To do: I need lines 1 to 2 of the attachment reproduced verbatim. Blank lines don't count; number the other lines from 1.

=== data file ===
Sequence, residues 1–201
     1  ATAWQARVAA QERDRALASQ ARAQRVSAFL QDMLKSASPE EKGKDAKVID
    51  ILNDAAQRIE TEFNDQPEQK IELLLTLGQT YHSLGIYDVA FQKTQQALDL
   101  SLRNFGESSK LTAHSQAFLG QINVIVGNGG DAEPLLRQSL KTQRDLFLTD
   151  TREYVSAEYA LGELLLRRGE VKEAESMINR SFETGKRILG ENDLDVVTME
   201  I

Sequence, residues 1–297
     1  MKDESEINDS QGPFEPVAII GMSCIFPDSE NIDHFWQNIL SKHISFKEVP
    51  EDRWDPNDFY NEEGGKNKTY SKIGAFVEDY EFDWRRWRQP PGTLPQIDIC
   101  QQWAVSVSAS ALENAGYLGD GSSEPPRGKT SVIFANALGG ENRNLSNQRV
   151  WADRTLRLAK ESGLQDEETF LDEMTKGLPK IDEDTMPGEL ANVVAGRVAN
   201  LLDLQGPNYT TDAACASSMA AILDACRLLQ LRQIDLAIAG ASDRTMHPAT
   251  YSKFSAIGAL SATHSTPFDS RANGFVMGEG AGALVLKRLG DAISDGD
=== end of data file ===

Sequence, residues 1–201
     1  ATAWQARVAA QERDRALASQ ARAQRVSAFL QDMLKSASPE EKGKDAKVID